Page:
Coffeehouses have been very culturally important throughout the century as places of social interaction; they are popular as they provide a place to assemble, study, debate, read, entertain, keep updated on politics or simply pass the time. The cultivation and trade of coffee first began in the Arab world and by the end of the sixteenth century, it has spread over Persia, Egypt, Syria and Turkey. The first coffeehouse was opened in Damascus in 1530 and Cairo soon followed. Coffeehouses soon became incredibly prevalent and vital as centre for the exchange of information, even becoming known as the ‘Schools of the Wise’.
History in Europe
Coffee first travelled to Europe in the 17th Century, just outside the Ottoman Empire, and quickly grew in popularity. In 1629, the first European coffeehouses were established in Venice transported the Ottomans. Initially, there was a large resistance to coffee in Venice, with some opponents including the local clergy declaring it the ‘bitter invention of Satan.’ The controversy surrounding coffee grew so much that Pope Clement VIII was required to intervene, eventually giving the drink Papal approval as he admired the taste after deciding to taste the beverage himself. The legend of how coffee first reached Vienna goes as such: After the defeat of the Turks in the Battle of Vienna in 1683, there had been mysterious sacks of green beans found which was presumed to have been left behind by the fleeing Turks. These beans were given to the Polish King Jan III Sobieski, who then awarded it to one on his trusted officers, Jerzy Franciszek Kulczycki. This officer used this hoard to set up shop in Vienna and thus the first Viennese coffeehouse was established and the coffeehouses went on become an important institute in shaping Viennese culture. The Austrian writer Stefan Zweig describes the Viennese Coffee House as, “actually a sort of democratic club, open to everyone for the price of a cheap cup of coffee, where every guest can sit for hours with this little offering, to talk, write, play cards, receive post, and above all consume an unlimited number of newspapers and journals.”
Impact on the UK
The popularity of coffeehouses soon reached England and the first coffeehouse in England was set up in 1652 in Oxford by a Jewish man named Jacob and by 1675, there were more than 3,000 coffeehouses in England. Many of the original English coffeehouses still exist today, including the Queen’s Lane Coffee House set up in 1654. Coffee houses were seen as places where the social constraints of class and wealth were not as important and became associated with equality, although women were not initially allowed in English coffeehouses. Many great institutions were born out of the coffeehouses in the UK; the London Stock Exchange was an evolution of the listings of stocks and commodity prices in Jonathan’s Coffee-House in 1698. Lloyd’s of London insurance market, the Lloyd’s Register classification society, and other related businesses were formed by merchants and shipper in the venue provided by Lloyd’s Coffee House. Coffeehouses also provided the foundation for Prodigious Auction houses of Sotheby’s and Christie’s.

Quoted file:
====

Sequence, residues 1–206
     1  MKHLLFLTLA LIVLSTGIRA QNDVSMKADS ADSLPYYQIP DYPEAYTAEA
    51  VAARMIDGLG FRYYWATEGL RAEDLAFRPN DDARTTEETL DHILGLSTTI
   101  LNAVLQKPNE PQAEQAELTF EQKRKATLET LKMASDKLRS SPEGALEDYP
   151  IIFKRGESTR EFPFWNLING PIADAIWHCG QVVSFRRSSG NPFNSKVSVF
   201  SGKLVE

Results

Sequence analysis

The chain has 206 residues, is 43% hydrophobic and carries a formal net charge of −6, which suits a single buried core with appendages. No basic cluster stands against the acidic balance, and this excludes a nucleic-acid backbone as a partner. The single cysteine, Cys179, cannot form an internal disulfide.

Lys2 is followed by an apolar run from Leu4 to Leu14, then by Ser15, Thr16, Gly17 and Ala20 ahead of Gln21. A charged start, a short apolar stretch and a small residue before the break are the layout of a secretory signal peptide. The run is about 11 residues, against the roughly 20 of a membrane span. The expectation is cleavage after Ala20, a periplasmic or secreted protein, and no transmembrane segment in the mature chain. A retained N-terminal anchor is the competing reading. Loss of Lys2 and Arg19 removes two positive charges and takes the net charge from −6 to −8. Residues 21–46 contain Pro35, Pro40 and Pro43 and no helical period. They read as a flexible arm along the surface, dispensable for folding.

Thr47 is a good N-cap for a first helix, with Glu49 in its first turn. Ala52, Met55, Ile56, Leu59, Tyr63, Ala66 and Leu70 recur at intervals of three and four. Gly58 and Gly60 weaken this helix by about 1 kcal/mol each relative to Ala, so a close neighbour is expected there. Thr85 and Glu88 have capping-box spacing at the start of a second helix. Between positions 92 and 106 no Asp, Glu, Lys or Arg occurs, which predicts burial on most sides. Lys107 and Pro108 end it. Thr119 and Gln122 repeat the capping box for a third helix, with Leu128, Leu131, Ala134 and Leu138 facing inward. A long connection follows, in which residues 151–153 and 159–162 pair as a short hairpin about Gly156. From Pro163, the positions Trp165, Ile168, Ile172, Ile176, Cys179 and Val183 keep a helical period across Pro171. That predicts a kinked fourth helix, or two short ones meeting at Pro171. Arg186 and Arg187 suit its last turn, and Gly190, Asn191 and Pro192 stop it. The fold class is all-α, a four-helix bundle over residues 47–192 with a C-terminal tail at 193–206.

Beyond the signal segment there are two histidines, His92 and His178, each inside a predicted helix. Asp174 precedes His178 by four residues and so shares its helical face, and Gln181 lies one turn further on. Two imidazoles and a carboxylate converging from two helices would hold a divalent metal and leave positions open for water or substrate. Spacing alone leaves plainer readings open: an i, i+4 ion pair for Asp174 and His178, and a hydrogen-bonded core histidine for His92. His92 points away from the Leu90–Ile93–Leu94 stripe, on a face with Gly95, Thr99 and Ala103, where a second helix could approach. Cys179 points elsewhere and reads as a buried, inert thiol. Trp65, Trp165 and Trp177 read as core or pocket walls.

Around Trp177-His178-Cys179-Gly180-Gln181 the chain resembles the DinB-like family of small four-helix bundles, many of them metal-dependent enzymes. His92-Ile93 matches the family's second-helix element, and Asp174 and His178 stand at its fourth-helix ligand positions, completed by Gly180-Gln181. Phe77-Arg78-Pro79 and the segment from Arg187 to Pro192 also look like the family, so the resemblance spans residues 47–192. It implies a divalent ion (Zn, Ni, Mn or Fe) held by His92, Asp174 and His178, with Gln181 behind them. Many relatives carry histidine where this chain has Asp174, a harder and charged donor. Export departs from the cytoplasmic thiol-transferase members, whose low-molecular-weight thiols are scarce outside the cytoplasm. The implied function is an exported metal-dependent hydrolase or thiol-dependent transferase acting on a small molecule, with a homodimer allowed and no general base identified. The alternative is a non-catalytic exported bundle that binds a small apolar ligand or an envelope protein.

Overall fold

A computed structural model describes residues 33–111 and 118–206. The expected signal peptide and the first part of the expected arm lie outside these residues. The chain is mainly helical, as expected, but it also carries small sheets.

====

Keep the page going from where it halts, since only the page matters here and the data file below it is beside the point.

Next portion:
The importance of the coffee house culture in Europe to people of all classes is perhaps described best by the Viennese poet Peter Altenburg in his the poem titled ‘Kaffeehaus’ (translated into English):
When you are worried, have trouble of one sort or another -to the coffee house!
When she did not keep her appointment, for one reason or another – to the coffee house!
When your shoes are torn and dilapidated – coffee house!
When your income is four hundred crowns and you spend five hundred – coffee house!
You are a chair warmer in the office, while your ambition led you to to seek professional honors – coffee house!
You could not find a mate to suit you- coffee house!
You feel like committing suicide – coffee house!
You hate and despise human beings, and at the same time you cannot be happy without them – coffee house!
You compose a poem which you can not inflict upon friends that you meet in the street – coffee house!
When your coal scuttle is empty, and your gas ration exhausted – coffee house!
When you are locked out and haven’t the money to pay for unlocking the house door – coffee house!
When you acquire a new flame, and intend provoking the old one, you take the new one to the old one’s – coffee house!
When you feel like hiding, you dive into a – coffee house!
When you want to be seen in a new suit – coffee house!
When you can not get anything on trust anywhere else – coffee house!
By Astha Adhikari